Filed Under:  Health & Wellness

St. Thomas Clinic expands

26th March 2012   ·   0 Comments

By Zoe Sullivan
Contributing Writer

Although rain had washed over the city for almost two days, roughly 150 people gathered under a tent on St. Andrew Street in the Garden District to celebrate the opening on a new community clinic. The St. Thomas Community Health Center enlisted the help of the Zulu choir and the Mayor to inaugurate the Donald T. Erwin Center. The facility will serve an expected 120 patients a day in its 12,000 square feet, according to fact sheet from the organization, this almost doubles the health center’s capacity.

Started in the St. Thomas Housing Project at the request of residents, the clinic moved in 1991 to its current facility on St. Andrew St. Dressed in a yellow Zulu jacket, Dr. Erwin, President of St. Thomas’s board, told the Louisiana Weekly that roughly 75 percent of the organization’s patients are uninsured. He also explained that the clinic provides its services on a sliding scale, based on one’s ability to pay. The organization’s medical director, Dr. Mary Abell, said that “most patients are below 200 percent of poverty.”

“We have a certain number of specialty services,” Erwin went on, “optometry, mammography, neurology, cardiology, allergy…and we’ll continue to have those over here,” he said, indicating the new building. Prior to renovation for its use as a clinic, the building housed a furniture store, which, Erwin said, made it easy to fit it for its new purpose.

After Katrina, St. Thomas managed to become a federally qualified health center, and federal funds helped support the purchase and renovation of the new building. The new facility will offer primary care in pediatrics and internal medicine and specialty care in rheumatology and nephrology, which focuses on kidney disease.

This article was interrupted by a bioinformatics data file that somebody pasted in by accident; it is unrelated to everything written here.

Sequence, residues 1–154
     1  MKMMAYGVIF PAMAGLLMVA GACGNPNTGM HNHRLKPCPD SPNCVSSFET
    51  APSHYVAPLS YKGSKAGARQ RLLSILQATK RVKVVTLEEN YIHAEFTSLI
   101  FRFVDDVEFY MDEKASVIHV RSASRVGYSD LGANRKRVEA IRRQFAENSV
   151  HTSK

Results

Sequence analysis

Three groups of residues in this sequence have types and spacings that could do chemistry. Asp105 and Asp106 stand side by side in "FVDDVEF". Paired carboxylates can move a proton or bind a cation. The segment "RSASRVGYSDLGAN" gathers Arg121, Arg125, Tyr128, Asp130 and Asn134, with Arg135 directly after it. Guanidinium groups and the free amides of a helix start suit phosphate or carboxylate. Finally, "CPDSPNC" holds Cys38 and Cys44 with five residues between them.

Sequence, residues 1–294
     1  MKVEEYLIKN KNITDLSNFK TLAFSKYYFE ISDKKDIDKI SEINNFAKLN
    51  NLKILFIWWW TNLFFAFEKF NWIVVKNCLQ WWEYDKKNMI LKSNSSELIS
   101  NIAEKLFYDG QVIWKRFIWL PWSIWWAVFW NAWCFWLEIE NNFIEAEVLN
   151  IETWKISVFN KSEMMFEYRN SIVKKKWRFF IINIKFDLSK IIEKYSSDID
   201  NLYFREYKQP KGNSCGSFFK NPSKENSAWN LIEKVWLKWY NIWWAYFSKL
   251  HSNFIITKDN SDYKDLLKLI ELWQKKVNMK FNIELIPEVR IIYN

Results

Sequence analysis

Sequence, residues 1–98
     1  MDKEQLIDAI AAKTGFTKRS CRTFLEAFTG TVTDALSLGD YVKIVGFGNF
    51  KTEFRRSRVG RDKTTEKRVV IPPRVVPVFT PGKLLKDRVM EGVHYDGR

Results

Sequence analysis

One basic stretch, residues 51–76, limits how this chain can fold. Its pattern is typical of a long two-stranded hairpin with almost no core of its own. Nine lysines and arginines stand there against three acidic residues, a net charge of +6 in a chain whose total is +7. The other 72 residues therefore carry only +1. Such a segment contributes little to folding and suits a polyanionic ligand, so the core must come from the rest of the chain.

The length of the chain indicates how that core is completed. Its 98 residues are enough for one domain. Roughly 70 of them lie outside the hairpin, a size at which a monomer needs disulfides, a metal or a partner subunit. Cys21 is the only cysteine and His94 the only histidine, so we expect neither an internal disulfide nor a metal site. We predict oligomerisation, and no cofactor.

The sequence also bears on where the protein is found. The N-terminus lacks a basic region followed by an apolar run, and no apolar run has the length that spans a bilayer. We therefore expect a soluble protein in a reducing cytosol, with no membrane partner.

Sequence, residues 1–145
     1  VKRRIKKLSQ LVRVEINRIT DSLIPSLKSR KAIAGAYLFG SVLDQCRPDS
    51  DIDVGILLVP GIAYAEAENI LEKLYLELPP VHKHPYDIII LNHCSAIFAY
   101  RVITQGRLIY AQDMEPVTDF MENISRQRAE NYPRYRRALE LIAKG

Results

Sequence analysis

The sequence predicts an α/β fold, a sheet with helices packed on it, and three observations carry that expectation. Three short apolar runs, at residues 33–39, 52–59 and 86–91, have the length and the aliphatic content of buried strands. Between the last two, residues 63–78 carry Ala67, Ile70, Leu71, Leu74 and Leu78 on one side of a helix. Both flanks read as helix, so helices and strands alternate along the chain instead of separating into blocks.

Mary Tucker-Malverue, who works in the clinic’s mammography section, wore bright blue and green colors that conveyed her enthusiasm about the event. Tucker-Malverue worked in banking before starting with St. Thomas roughly a year ago.

“The new building is a God-send,” she said. “It helps the area, so that there will be more places in the community to come to receive treatment,” Tucker-Malverue told The Louisiana Weekly. “So many of us are uninsured or under-insured and need to know that there are places where you can find some kind of help to maintain your health.”

“We really tried hard to not only have primary care,” Abell told The Louisiana Weekly, “but get access to some of the specialty services that are hard to access downtown at University Hospital.” She described how St. Thomas has provided 4,000 mammograms over the past 12 months. Abell described the Greater New Orleans Community Health Connection funding, which supports low-income residents’ visits to community clinics like St. Thomas for preventive care.

The city’s top health official, Dr. Karen DeSalvo, was also present for the festivities. She had only positive words, describing how the organization had “set an example for the nation.”

“St. Thomas Community Health Center is an anchor institution in this neighborhood,” DeSalvo said. “They have been not only providing care and services to the community, but they are providing jobs; they are providing moral support..and creating a place where people can feel safe.”

This article was originally published in the March 26, 2012 print edition of The Louisiana Weekly newspaper

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